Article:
Proctor : June 2017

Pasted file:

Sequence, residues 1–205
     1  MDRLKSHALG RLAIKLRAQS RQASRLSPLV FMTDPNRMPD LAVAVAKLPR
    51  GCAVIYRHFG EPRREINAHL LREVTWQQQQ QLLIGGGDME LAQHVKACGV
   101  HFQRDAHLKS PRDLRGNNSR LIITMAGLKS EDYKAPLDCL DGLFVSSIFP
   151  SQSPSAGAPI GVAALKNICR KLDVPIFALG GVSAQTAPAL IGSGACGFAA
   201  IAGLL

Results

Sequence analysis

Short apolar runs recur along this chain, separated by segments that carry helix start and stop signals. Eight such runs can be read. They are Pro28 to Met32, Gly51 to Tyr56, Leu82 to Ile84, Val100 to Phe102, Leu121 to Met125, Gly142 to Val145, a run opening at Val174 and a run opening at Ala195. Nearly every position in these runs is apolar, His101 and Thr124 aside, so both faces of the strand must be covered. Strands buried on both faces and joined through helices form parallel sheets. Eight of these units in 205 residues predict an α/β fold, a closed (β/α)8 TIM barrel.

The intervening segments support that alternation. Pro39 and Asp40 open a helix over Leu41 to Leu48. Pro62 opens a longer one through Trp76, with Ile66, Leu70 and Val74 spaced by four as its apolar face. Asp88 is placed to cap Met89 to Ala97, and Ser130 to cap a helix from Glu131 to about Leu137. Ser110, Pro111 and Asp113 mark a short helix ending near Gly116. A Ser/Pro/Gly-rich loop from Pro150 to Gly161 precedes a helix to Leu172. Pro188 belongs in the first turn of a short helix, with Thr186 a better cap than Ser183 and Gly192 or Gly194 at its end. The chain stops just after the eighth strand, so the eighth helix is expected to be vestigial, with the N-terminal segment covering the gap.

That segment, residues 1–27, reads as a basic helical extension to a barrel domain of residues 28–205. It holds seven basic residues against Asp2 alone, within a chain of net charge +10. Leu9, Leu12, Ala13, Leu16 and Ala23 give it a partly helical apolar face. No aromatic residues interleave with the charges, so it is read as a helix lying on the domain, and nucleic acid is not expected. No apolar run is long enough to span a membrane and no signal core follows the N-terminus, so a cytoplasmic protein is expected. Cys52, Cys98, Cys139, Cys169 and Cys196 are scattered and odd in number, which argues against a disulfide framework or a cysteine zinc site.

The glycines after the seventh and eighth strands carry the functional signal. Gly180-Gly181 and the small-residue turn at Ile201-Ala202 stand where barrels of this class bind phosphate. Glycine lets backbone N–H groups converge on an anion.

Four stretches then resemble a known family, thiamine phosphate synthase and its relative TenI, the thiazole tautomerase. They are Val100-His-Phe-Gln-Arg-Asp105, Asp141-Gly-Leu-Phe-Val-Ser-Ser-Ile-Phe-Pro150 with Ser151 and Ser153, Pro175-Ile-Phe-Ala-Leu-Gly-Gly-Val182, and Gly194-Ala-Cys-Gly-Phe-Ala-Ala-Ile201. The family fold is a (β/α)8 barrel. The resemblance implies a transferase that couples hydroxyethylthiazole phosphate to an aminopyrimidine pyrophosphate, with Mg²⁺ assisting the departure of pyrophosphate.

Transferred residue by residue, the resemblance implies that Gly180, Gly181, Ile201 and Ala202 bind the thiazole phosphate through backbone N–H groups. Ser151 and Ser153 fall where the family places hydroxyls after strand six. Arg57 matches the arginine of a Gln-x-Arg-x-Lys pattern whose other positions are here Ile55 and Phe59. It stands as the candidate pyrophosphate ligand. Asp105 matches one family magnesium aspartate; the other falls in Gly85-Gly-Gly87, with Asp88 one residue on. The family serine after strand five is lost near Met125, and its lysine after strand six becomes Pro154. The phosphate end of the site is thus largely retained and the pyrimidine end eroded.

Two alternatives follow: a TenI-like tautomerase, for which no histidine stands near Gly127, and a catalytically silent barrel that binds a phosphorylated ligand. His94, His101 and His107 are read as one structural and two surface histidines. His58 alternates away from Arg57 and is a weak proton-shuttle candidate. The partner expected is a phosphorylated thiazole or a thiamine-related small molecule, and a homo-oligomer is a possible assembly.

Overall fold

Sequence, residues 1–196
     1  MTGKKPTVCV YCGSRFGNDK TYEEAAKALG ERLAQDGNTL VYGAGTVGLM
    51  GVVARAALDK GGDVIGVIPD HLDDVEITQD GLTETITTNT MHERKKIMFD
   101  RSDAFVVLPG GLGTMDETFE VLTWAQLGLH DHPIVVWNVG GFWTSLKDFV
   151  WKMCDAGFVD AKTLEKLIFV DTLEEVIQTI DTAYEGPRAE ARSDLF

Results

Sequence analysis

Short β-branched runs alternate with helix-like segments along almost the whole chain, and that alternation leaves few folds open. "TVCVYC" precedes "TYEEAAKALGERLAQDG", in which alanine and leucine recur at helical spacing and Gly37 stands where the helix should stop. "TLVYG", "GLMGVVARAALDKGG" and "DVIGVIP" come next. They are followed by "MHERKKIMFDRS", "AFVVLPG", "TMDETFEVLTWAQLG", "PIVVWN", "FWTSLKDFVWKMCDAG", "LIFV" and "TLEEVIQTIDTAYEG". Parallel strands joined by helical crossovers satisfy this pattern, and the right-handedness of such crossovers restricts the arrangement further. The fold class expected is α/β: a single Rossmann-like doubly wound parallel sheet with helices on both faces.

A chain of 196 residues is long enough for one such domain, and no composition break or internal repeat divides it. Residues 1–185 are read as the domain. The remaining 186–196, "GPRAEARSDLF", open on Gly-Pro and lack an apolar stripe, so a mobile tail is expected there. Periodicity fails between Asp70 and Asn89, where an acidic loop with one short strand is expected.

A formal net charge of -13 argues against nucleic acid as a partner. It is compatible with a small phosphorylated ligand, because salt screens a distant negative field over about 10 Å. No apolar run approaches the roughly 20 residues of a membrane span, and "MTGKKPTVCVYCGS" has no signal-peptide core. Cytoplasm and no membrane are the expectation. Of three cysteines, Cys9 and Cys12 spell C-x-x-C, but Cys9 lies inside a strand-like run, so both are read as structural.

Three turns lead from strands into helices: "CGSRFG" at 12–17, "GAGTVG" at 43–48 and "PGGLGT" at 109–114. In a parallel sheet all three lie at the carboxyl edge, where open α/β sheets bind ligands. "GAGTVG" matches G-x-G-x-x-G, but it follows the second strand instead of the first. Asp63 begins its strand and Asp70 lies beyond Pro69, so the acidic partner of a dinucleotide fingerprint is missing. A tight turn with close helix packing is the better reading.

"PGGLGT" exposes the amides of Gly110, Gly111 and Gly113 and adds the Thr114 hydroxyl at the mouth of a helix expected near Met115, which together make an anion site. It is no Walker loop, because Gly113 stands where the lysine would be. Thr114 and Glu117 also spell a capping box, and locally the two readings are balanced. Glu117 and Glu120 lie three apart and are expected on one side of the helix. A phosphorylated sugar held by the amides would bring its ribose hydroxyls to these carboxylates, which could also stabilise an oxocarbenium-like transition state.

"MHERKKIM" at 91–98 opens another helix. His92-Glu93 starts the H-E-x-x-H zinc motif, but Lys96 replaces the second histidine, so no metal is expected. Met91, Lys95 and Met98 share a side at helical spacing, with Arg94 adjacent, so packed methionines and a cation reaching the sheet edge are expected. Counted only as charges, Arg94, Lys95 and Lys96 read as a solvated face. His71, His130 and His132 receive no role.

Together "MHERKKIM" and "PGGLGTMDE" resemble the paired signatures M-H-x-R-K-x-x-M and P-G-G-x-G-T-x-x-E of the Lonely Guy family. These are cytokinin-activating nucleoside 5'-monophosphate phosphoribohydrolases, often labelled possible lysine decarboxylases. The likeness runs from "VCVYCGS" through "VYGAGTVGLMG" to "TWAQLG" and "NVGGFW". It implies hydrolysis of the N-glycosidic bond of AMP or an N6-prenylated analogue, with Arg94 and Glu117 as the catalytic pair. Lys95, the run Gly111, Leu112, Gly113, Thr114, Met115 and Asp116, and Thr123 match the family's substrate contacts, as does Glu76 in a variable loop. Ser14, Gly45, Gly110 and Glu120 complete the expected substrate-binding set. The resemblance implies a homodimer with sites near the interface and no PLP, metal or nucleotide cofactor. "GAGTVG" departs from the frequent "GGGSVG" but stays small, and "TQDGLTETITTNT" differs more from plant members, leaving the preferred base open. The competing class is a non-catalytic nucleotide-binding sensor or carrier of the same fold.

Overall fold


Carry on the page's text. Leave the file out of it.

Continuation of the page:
61 PROCTOR | June 2017 A recent visit to the alpine countries of Switzerland and Austria revealed a come-from-behind success story of cool-climate wines. There is a new song in central Europe and new fine wines to be discovered. The Alps are majestic, imperial, breathtaking like no other, and form the backbone of these two countries. However, for many years the protection of the mountains, cold climates, over-cropping and a fashion for sweetness before quality has led to cameo quantities of wine best left in the hills. Things have changed. Today both Switzerland and Austria have vibrant wine cultures and are chasing down quality product that deserves to be far more widely exported than it is. The turning point on the road to winemaking Damascus, in Austria at least, was the so- called anti-freeze scandal of the mid-’80s. Some unscrupulous figures had been adding sugar illegally to thin, under-ripe Austrian wine to sell it on the German market. This fraud was easily detectable, so the fraudsters cleverly added diethylene glycol to the wine to mask the addition of sugar and beat the testers. The press broke the news but confused the additive used with the similarly named ethylene glycol (anti-freeze) and both a poisoning scandal and fraud was born. A good story ran its course and shame was visited on central European wine. The good thing about the scandal was that it acted as a clarion call and the industry was reassessed, over-production addressed, and there followed an acceptance that quality needed to be raised. Sweet wines of yore gave way to new trocken, or dry wines. The most famous Austrian wine to make the long crossing to the Antipodes is the gruner veltliner, a unique white wine described as pure, mineral and capable of long aging. It is often grown with riesling as a stablemate along terraces on very steep slopes in the better places, such as Wachau. The virtues of the whites of Austria are well known, but a recent visit revealed a vibrant and engaging red wine culture and some very handsome examples of a variety they call blaufrankisch – with body and fruit reminiscent of a cooler climate Australian shiraz. The better regions for the blaufrankisch appeared to be the easterly Burgenland. Sadly, it seems that little of this gem is imported into Australia. This is a pity, as once ‘discovered’ it could be a big thing. It seems only one Australian winery, Handorf Hill in the Adelaide Hills, is making a wine with this variety. Stay tuned as I warrant there will be more in this space. Swiss wine has for very many years been made by the Swiss for the Swiss, and precious little has escaped their borders for the pleasure of the rest of the world, and even less has made it to our shores. This is unfortunate as there are strong links between Australian winemaking and the Swiss – the wine industry in Victoria was largely founded by Swiss winemakers drawn to the new southern land as connections of first Governor La Trobe’s Swiss wife. As in Austria, the Swiss are now ramping up their wines and investing in pinot noir as the red wine de jour. After sampling some of these, we can expect the cool-climate, German-speaking regions to bring us smooth and beguiling offerings – if only some kindly soul can get them to Queensland! The first was the Swiss Weinbau Ottiger Luzern AOC Pinot Noir 2016, which was the colour of red currants and had a nose of summer raspberry and cherry. The palate was akin to a Tasmanian pinot in weight with a heady mix of blackberry, raspberry and cherry with a little forest floor notes. A delightful example. The second was the Austrian Domäne Wachau Terrassen Federspiel Riesling 2015, which was pale yellow parchment in colour and was a mix of fresh lime and granite mineral on the nose. The palate was medium in body with a pleasing mineral base on a trill of sweet fruit flavours which cut back to dryness as the acid came in from the mid palate to the end. The last was the Austrian Nigl Gartling Gruner Veltliner 2013, which was a very vibrant yellow lemon straw colour with a nose somewhat akin to an oak chardonnay. The palate had a little spritz on the tongue and then came on strong with gooseberry, herbs and a dry almost lemon finish. The flavours drew comparisons with sauvignon blanc, chardonnay and riesling in different parts of the journey. Most intriguing. Verdict: The most regarded of the package was the pinot, with a strong line and length, and some significant promise for more good things to come in reds from central Europe. The tasting Matthew Dunn is Queensland Law Society acting CEO and government relations principal advisor. Wine The hills are alive... with the taste of winemaking with Matthew Dunn Three wines were examined in the spirit of international relations.